The first part of the book is taken up with the history of the french royal family from the moment Maria-Antonia of Austria marries the young Dauphin and follows them as they are vilified, blamed and ultimately killed for the problems assailing France.
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74 of 88 people found the following review helpful By A. Carrozza on January 2, 2006
Format: Paperback
Whenever I hear people speaking of the "triumph" or "glory" of the French Revolution I want to scream! There was nothing wonderful about these horrible years that ruined France. The greatest proof is in how cruelly they treated the Royal Family. I have read numerous books on the French Revolution, but this one seems to give the most personal insight into what the conditions in the Temple prison were like for Louis XVI, Marie Antoinette, Princess Marie-Therese, but most especially, the horribly inhuman indignities inflicted upon the poor dauphin, Louis-Charles, King Louis XVII. It is sad to see how people could be so cruel, and to see what injustices were inflicted on a seven-year-old boy in the name of justice. Far more than finally solving the mystery of Louis XVII, it also gives a vividly clear insight into where the revolution went wrong, and of how evil will eventually destroy itself. A history and a "whodunit" rolled into one - I couldn't put it down! Marvelous - and sad - reading!
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13 of 13 people found the following review helpful By A. Woodley on September 17, 2005
Format: Hardcover
Yet again, huge applause for Deborah Cadbury here, proving her amazing book Terrible Lizard, was not just a fluke. IN this she follows the story of what happened to the boy king Louis XVII of France. A child when his parents Louis XVI and Marie Antoinette went to the guillotine in the French Revolution. The boy king was kept locked up in appalling conditions, solitary confinement with constant maltreatment. By 1795 he was silent, unable to speak, and that same year he died. Therein lies the beginning and end of this book for almost immediately the rumours that the boy who died in that cell was not the King, but an imposter.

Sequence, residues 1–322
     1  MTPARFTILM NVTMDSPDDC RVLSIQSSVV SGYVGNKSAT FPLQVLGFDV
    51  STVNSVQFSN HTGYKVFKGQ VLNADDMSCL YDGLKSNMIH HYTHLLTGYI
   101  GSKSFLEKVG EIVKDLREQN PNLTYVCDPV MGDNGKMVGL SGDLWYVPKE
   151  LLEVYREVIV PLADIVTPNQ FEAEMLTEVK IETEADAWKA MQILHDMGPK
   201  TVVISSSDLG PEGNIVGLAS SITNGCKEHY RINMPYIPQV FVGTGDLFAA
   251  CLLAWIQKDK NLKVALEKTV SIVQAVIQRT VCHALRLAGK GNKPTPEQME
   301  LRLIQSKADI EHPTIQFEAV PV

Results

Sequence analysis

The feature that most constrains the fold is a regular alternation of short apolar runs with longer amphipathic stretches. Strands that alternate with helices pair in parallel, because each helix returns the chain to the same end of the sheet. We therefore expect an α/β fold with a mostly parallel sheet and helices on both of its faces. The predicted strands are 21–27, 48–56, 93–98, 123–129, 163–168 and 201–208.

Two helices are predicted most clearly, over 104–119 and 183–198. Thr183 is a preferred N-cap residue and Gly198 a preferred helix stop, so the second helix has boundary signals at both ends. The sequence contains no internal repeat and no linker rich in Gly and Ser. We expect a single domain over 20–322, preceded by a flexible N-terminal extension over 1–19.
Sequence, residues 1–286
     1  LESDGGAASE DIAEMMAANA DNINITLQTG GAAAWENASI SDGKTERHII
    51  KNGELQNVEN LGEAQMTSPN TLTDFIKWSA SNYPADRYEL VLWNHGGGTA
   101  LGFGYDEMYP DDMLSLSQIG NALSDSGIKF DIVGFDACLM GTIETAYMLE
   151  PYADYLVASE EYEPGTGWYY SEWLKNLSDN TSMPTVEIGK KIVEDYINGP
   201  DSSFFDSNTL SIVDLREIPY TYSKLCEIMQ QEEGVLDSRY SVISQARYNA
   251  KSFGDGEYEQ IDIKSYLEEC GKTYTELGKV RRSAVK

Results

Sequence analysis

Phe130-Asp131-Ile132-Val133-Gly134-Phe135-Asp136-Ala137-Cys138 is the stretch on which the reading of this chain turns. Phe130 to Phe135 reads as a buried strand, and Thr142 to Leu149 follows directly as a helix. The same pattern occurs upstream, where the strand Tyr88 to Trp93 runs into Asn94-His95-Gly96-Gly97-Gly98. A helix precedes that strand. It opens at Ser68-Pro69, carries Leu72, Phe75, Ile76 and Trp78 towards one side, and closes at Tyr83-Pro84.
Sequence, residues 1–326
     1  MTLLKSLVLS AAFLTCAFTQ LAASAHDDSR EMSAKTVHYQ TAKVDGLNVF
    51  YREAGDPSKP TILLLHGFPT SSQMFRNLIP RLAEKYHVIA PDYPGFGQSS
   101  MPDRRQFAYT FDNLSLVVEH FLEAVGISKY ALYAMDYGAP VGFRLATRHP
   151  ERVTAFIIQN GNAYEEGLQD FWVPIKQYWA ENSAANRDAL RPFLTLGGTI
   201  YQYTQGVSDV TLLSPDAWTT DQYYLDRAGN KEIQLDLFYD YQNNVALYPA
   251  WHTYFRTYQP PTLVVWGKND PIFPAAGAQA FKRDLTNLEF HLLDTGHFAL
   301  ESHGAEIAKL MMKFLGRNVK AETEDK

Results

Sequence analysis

Deborah Cadbury, intrigued by this mystery, who died in that cell? and what of all the imposters who harassed the Kings sister until her death, were they really the King returned from exile? Or were they also imposters? This would be a very short book if that was all that Cadbury wrote of. However Cadbury provides us with an excellent background from Marie-Anotnia leaving her Hapsburg home in Austria and arrival in France as Marie-Antoinette, the teenage wife-to-be of the heir to the French throne.

The reasons for the French revolution, the downfall of the house of Bourbon in France, the terrible end of the boy king in his lonely pest-ridden cell and then the rise of the swathe of counterfeit King Louis XVII's and their legal battles over the centuries - indeed right into the 1950's when the last great court battles were fought in France by the main pretenders to the French Throne.

Ironically the last court battle was fought the same year that Crick and Watson discovered the double helix model which is DNA which was finally to prove the veracity of the claim.